Faculty Focus

Professor Michael B. Mushlin

Professor Michael B. Mushlin has been a professor at the Elisabeth Haub School of Law at Pace University (then known as “Pace Law School”) since 1984. He teaches Civil Procedure, Criminal Procedure Adjudication, Evidence, Federal Courts, and Prisoners’ Rights. After growing up in the south, and witnessing firsthand racism in America, Professor Mushlin decided to go to law school. Today, Professor Mushlin is a preeminent authority on prisoners’ rights, the author of the treatise, Rights of Prisoners, and a beloved professor. Learn more about him in this candid Q&A.

You are always involved in interesting and timely matters - what has some of your more recent work involved?

I appeared as an expert witness in an extradition case in Scotland involving an American woman who is wanted for murder in the United States. I testified about the lack of oversight of the penal institutions to which the defendant would be sent in the United States were she to be extradited. I also testified about the risk of solitary confinement and the threat of COVID-19. I also serve of the New York State Advisory Committee on Criminal Law and Procedure where I chair the subcommittee on judicial visits to prisons. I recently wrote an op-ed for the NY Daily News on the maltreatment of prisoners, and a letter to the Editor of the NY Times on Rikers Island as well as op eds in the Westchester County Bar Association Magazine and the New York Law Journal. I plan to give a lecture soon to the Pace University community on originalism and prisoners’ rights and will be speaking at a national conference on prisoners’ rights at the University of Texas.

How did you become interested in Prisoners’ Rights?

After growing up in the deep south and seeing firsthand, from the perspective of a white person, racism in America, I went to law school to become a civil rights attorney. After I graduated law school, I began my legal career as a staff attorney at a neighborhood legal services office in Harlem. Afterwards, I went to work for the Legal Aid Society as staff attorney and then Project Director of the Prisoners’ Rights Project where I served for seven years. My passion and interest in the area grew from there. I used the lessons learned doing prisoners’ rights litigation in my work as Associate Director of the ACLU’s Children’s Rights Project.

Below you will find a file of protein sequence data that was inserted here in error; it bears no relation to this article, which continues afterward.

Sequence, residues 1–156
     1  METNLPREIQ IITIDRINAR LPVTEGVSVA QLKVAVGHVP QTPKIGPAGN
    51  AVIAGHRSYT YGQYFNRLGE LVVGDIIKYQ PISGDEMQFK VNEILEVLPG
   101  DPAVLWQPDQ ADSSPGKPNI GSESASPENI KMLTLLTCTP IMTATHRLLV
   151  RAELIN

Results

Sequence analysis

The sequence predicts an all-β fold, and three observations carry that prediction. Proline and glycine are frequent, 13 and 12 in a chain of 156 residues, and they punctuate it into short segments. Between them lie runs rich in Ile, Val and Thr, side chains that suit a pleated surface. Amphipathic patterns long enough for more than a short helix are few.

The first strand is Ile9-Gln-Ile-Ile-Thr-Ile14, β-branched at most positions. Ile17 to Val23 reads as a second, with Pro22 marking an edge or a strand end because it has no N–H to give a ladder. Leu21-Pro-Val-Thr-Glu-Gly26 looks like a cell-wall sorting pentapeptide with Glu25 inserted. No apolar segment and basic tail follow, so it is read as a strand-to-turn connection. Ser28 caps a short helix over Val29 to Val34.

What advice do you have for students interested in the law and in particular, Prisoners’ Rights?

The first step is to make sure that you understand what being a lawyer is like and that this is what you enjoy and want to be good at. As far as prisoners’ rights, I would highly recommend taking the prisoners’ rights course.

What do you think is today’s greatest issue facing prisoners’ rights?

Americans are fundamentally humane and decent. However, because of fear and the failure to confront the full implications of all aspects of our past we have a prison system that does not reflect these basic values. The biggest issue facing prisoners’ rights is finding a way to establish a connection between the prisons of this country and these American values. When that happens, our prisons will be transformed.

You have written about the damage that solitary confinement in prison causes, and last year, you gave testimony in support of a bill reforming solitary confinement in Connecticut - briefly, can you talk about that topic?

Plain and simple, solitary confinement is torture. It runs against human nature, is painful beyond measure to anyone who experiences it, and violates international law when it is used for 15 days or more. Reforming solitary confinement will not be easy, but it must be done.

How has COVID-19 affected prisoners’ rights?

Here is what I said about Covid-19 when I added a chapter to my book Rights of Prisoners (5th ed) after the pandemic hit:

“COVID-19 poses a greater threat to inmates than it does to people in the general civilian population. Prisons are closed, often crowded institutions. Social distancing in such places is difficult, if not impossible. Normal measures used to stem the spread of the virus, such as cleaning supplies and masks, are not readily available in prisons and jails. In fact, these items are often considered contraband, which inmates are punished for possessing. In addition, inmates are generally not a healthy group of people. Within prison walls, there are many people who have conditions, such as hypertension, heart disease, diabetes, kidney disease, asthma, and obesity, which makes them especially vulnerable to serious injury or death if they contract COVID-19. As is well-known, increasing age is also associated with mortality from COVID-19. In recent years, prisons have become places in which large numbers of older persons are held. For these reasons, it is clear that “[p]risons are powder kegs for infection and have allowed the COVID-19 virus to spread with uncommon and frightening speed (citing United States v. Salvagno)”

What is the most rewarding part of being a professor for you?

I love teaching. The classroom is a sacred space. It is where ideas are engaged, skills that last a lifetime are developed and people grow.

What are some of your non-academic interests?

I love to spend time with my wife, my two sons, and my granddaughter. I also have fun with Skip, my 17 year old cockapoo dog who is an adored member of our family.

Learn more about Professor Mushlin.